A Conversation with Mathieu Cailler

An interview by Alicia Cole.

Mathieu CaillerMathieu Cailler’s poetry and prose have been widely featured in numerous national and international publications, including the Los Angeles Times and The Saturday Evening Post. A graduate of the Vermont College of Fine Arts, he is the recipient of a Short Story America Prize for Short Fiction and a Shakespeare Award for Poetry. He is the author of Clotheslines (Red Bird Press), Shhh (ELJ Publications), and Loss Angeles (Short Story America Press), which has been honored by the Hollywood, New York, London, Paris, Best Book, and International Book Awards. His poetry collection, May I Have This Dance? (Black Magic Media), is slated for publication in December of 2017 and has already been praised by the New York Book Festival:  “Mathieu Cailler is a fresh and fascinating voice on the poetry scene, painting compelling pictures of our world and the human condition.” –Bruce Haring, Director of the New York Book Festival. For more information, please visit www.mathieucailler.com.

Black Fox Literary Magazine: What first drew you to poetry?

Mathieu Cailler: I love the idea of making micro moments—images, flashes—the stars of a piece. In fiction, there’s much poetry in the prose, but it’s often buried in paragraphs, and it’s not given its proper space to shine. A character, a little girl perhaps, might blow bubbles across a busy intersection in a novel, and it might be a lovely scene, but in a poem—it’s all about her and the bubbles and how they mix with her world.

It’s freeing not to have to work around plot. I find that poetry allows me to recapture my love of language and words. It’s the atom of everything literary.

BFLM: Who are your inspirations?

MC: My inspiration list looks like a scroll from ancient Greece, but a few are Raymond Carver, Pablo Neruda, Langston Hughes, Sharon Olds, Brigit Pegeen Kelly, Jim Harrison, Bukowski, Frida, Lee Krasner, Nina Simone, Grace Paley, Whitman, Baudelaire, Angelou, Tupac, Nas, and Chekhov.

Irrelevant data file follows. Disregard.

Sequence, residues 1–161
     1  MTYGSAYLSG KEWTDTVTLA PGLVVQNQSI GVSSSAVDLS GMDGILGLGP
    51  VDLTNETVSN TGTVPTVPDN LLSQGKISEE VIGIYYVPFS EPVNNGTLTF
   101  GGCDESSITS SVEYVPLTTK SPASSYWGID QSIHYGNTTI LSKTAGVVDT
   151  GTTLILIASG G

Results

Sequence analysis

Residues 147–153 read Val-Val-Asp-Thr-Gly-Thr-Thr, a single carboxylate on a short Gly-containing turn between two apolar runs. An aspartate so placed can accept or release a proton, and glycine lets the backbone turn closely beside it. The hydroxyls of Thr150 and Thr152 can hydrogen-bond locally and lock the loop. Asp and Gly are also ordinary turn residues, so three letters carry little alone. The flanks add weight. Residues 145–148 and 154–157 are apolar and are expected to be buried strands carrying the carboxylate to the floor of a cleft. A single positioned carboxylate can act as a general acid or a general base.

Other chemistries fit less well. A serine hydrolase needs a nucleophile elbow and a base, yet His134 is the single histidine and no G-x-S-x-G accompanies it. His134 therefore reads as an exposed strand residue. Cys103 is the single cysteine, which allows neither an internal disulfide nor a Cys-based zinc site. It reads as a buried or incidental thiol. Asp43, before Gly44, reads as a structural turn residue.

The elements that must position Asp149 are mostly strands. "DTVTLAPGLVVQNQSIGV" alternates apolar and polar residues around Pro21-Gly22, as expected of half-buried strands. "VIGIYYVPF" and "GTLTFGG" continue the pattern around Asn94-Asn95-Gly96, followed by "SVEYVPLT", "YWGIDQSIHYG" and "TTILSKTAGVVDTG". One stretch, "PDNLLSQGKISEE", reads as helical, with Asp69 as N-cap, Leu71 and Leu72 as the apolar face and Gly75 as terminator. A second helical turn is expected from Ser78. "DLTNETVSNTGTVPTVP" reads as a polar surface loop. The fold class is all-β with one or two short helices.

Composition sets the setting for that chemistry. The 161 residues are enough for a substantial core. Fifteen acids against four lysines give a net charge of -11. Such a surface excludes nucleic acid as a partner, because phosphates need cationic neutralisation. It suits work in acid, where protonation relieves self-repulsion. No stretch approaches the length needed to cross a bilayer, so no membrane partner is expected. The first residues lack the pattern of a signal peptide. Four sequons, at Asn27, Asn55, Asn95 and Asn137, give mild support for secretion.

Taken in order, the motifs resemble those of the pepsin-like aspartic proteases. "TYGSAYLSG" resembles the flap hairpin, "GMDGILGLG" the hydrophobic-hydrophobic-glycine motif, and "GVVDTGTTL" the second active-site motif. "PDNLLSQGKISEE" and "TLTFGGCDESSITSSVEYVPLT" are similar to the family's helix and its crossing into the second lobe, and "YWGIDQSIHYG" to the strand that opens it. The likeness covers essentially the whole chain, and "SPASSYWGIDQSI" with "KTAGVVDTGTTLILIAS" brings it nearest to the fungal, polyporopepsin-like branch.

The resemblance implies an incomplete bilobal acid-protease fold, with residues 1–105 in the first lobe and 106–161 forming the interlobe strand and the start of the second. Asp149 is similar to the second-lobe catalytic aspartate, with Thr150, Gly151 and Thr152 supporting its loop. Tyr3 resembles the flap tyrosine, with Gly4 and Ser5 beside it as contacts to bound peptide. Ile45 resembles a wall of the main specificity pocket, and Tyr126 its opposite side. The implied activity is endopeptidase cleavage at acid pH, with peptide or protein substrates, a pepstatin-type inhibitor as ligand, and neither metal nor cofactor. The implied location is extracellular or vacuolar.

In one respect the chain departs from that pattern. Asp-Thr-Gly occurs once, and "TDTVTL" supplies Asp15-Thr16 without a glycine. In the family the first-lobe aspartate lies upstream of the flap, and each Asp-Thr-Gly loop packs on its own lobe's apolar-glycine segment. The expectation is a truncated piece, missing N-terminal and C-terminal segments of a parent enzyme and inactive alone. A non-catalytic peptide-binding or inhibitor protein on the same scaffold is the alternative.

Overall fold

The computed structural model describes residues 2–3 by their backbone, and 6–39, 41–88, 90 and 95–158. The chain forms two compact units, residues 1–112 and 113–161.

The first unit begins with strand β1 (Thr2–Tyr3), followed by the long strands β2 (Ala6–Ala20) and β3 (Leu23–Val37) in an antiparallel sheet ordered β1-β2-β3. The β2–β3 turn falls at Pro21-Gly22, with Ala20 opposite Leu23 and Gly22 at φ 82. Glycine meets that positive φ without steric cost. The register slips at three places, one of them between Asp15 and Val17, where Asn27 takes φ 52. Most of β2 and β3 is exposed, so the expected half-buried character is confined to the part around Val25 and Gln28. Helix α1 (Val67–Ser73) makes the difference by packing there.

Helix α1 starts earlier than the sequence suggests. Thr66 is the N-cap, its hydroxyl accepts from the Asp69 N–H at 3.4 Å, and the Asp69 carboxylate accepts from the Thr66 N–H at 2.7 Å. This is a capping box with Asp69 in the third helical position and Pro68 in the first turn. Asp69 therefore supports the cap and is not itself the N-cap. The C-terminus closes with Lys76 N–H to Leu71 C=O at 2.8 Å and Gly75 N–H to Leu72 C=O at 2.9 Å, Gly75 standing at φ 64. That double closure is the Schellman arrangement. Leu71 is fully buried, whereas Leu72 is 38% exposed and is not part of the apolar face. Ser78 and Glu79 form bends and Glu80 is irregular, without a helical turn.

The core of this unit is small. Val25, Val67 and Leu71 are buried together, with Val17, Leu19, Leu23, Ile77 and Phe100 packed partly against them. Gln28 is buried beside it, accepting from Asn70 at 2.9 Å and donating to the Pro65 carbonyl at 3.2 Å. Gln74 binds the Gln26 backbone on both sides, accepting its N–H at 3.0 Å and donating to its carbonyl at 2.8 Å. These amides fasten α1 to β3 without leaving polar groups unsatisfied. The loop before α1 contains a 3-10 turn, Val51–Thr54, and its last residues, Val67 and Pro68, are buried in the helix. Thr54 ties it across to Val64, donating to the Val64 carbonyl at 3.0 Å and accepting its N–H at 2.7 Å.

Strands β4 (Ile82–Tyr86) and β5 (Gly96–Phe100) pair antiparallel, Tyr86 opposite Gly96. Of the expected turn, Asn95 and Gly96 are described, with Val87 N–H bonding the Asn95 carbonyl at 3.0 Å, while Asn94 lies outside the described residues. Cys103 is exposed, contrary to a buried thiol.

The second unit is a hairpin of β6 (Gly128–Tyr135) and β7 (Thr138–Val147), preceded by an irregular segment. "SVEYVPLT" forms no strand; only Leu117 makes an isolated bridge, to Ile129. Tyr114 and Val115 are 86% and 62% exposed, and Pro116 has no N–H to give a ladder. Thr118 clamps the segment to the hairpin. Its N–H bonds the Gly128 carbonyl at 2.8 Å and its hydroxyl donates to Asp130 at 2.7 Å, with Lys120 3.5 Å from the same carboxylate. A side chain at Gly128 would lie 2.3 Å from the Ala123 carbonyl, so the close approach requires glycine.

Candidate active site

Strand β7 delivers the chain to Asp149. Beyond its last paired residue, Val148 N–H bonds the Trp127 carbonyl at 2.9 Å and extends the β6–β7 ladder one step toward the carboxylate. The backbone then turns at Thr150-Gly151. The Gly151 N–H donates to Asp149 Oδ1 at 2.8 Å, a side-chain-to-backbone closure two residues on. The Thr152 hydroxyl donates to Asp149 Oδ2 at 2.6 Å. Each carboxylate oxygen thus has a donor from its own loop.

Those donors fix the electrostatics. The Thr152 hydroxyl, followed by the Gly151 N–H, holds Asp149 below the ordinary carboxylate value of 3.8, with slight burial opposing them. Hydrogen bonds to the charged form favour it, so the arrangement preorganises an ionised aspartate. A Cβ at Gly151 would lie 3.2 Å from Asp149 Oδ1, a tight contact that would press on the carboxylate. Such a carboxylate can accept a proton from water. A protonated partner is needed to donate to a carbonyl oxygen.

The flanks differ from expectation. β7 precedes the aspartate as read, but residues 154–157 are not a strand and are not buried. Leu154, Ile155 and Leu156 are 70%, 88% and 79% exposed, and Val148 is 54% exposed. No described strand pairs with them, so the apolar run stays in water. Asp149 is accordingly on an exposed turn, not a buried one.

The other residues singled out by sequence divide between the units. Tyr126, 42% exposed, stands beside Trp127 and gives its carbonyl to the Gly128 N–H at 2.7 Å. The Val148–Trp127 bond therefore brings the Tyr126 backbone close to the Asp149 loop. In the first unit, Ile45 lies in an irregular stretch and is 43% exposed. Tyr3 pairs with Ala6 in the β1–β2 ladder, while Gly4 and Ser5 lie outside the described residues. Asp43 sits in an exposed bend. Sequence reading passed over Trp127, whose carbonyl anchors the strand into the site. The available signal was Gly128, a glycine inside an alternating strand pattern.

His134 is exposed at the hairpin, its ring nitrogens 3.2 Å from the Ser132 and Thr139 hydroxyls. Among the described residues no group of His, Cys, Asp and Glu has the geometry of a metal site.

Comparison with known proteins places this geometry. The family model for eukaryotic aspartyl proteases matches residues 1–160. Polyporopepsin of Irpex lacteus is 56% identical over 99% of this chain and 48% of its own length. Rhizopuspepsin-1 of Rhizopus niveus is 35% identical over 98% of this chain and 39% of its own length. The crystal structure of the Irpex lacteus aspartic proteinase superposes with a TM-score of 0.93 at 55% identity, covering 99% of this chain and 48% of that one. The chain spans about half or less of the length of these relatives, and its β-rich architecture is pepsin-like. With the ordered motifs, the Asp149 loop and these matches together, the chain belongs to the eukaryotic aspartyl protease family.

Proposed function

But, to be honest, inspiration for me just comes from people who are putting in work, quietly, day after day, in their studios, on their stages, dance floors, or at their desks. I love the idea of blank canvases, blank pages, blank musical sheets… coming to life with daily work.

BFLM: Your book May I Have This Dance? is organized into three parts: Waltz, Tango, and Swing. How did you develop this concept?

May I Have This DanceMC: I was reading a book of poems by Rumi…another inspiration…and came across a brilliant line: “Dance when you’re broken open. Dance if you’ve torn the bandage off. Dance in the middle of the fighting. Dance in your blood. Dance when you’re perfectly free.”

I immediately thought it would make a great epigraph for my poetry collection, which was untitled at the time. I thought about dances, and my poems, and I realized I had some dark poems, some love poems, and some fun poems, so I decided to break them up into three separate sections: waltz for darker pieces, tango for love ones, and swing for fun musings.

BFLM: Do you have standout poems in each section that define the dances?

MC: I wouldn’t say there’s one poem in each section that defines the dances. It’s more of a dance of words. There’s a rhythm and cadence to poetry that’s akin to dance, I think.

BFLM: Your poem “Pangea” really epitomizes the ache of the entire collection. How does your poetry, and poetry in general, help us be “pressed back together again”?

MC: Thank you. I hope that resonates with readers. I think there’s a gentle optimism to poetry because it rips off life’s sheen and forces us to look at the bigger picture. Also, I think everyone can “see” in poetry, but it’s a muscle that not everyone chooses to strengthen. I think of Pangea a lot, actually—all of the continents mashed together. What would our world be if we were still tight and together? In poetry, as with all the arts, it’s the questions that ring loudest.

BFLM: Your work runs the gamut of life experiences. Speak a little bit about your recurrent themes: life, death, the humdrum and ecstatic ecstasies, the little moments, the interruptions, the sparks. What do these say to you?

MC: It’s exactly what I try to convey. Poetry is exactly that. It’s everything. It’s micro and macro. It’s hangnails and the Big Bang and everything in between. That’s what makes it so scary and fun. Just the other day, I wrote a poem about freeways and then one about God.

BFLM: What other projects do you have completed or in the works?

MC: I’ve just wrapped up a novel that needs a good amount of work, and I’m looking to finish it by year’s end. I also just finished another poetry collection and another short-story collection. There’s a novella in my mind that needs to be fleshed out, and I think it will be soon enough. It’s pestering me, and it’s calling me. So when that happens, I have to listen. It will be different from anything I’ve ever written, and that excites me. I am a much better, kinder person when I write, so I do it a lot.

BFLM: If you could have three books with you, what would they be and why?

MC: Do I have to answer this? [Laughs] I would say the short-story collection, What We Talk About When We Talk About Love by Raymond Carver because I learn so much from him every time I read his words. Frida Kahlo’s diary because it makes me dream, and The Little Prince because it always makes me feel like a kid.

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